Put the Person in Charge

A mother of a young boy shared with me her frustration. One of her sons was constantly getting up from the table during dinner, thereby disrupting the environment she wanted to maintain during meal time.

I suggested that she think of the EXACT OPPOSITE of what her son was doing. I then suggested that she put her son in charge of that responsibility.

The conversation would go something like this:
“Jay, I need your help. I want you to be in charge of having all members of the family remain seated during dinner.”


Here, then, is the two-step process:

(1) Put the person in charge of the opposite of what the person is doing. (2) Articulate what you want (I need your help, assistance, leadership, etc.), and then put the person in charge of it.

People like to be in charge. When in charge, the person performs the appropriate behavior because incongruity (doing the opposite of what the person is in charge of) is very difficult for young people.

Following are some additional examples that work every time.

A primary student does not complete assigned table work.
“I need your help. I would like you to be in charge of noticing who at your table completes the assigned work. Let me know at the end of the day who was successful.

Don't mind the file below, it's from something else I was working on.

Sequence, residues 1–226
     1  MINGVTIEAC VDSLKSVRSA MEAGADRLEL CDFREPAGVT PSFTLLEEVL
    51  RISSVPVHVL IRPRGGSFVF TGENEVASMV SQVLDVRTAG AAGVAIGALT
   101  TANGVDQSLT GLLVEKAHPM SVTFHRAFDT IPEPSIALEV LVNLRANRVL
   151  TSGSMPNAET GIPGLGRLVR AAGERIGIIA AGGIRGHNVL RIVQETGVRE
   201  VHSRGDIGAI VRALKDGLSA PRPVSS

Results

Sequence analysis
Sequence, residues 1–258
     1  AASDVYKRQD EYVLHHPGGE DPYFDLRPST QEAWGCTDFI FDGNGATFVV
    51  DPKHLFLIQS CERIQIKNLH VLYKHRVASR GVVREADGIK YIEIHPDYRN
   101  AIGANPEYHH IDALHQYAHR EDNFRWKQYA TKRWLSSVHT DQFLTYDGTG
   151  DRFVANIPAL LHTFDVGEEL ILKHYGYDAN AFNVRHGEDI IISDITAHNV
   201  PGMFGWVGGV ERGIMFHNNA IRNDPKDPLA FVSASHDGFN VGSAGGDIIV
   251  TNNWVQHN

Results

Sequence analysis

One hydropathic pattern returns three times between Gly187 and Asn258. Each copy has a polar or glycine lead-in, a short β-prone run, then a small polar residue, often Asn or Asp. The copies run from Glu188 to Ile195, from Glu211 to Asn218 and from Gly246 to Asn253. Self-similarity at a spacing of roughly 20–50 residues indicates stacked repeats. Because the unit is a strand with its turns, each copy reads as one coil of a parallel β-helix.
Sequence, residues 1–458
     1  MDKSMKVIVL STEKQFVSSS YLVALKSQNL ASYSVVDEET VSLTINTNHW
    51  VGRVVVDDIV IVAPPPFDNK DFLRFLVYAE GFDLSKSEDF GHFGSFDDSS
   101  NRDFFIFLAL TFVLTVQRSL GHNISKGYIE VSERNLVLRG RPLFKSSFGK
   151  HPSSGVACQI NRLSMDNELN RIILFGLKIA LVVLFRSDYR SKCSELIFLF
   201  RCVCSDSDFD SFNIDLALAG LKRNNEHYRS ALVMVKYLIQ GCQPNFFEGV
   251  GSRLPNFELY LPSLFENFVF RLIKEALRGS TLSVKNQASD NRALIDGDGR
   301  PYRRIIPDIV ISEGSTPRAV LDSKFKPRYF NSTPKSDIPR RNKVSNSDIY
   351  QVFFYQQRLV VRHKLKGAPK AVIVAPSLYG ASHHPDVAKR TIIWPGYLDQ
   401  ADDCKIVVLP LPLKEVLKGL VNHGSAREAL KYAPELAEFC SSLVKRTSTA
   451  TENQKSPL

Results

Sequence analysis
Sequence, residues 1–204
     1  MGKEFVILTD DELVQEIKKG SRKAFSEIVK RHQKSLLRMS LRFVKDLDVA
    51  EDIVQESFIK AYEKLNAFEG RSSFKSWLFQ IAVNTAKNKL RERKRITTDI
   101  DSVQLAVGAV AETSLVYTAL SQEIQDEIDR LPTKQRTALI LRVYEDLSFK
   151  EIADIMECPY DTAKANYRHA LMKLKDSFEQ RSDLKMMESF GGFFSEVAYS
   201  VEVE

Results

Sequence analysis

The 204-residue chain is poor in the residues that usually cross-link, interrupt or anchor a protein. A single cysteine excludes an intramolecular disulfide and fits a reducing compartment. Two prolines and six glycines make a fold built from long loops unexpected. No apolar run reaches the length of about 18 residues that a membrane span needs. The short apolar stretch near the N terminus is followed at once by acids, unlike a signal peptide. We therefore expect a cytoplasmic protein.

(Notice that the phrasing is in the positive; it’s not about who doesn’t complete the work.)

The middle school class procedure was to clean and organize desks before dismissal on Fridays. One student continually dumped stuff on the desk and took an excessive amount of time to clean and organize the materials.
“I need your help. I would like you to be in charge of the desks by going around and keeping track of whose desk is clean and orderly.
(The student didn’t wait until Friday. He started checking on Thursday.)

The high school student continued to came to school tardy.
“I need your help. I would like you to make sure everyone is seated on time when the bell rings.
(The student not only started to come to class on time but also improved his appearance and school attire.)

This approach to changing behavior immediately is foolproof.
If it doesn’t work, reflect: Did you think of the exact opposite? Did you use the exact wording of putting the person in charge and phrasing the responsibility in positive terms?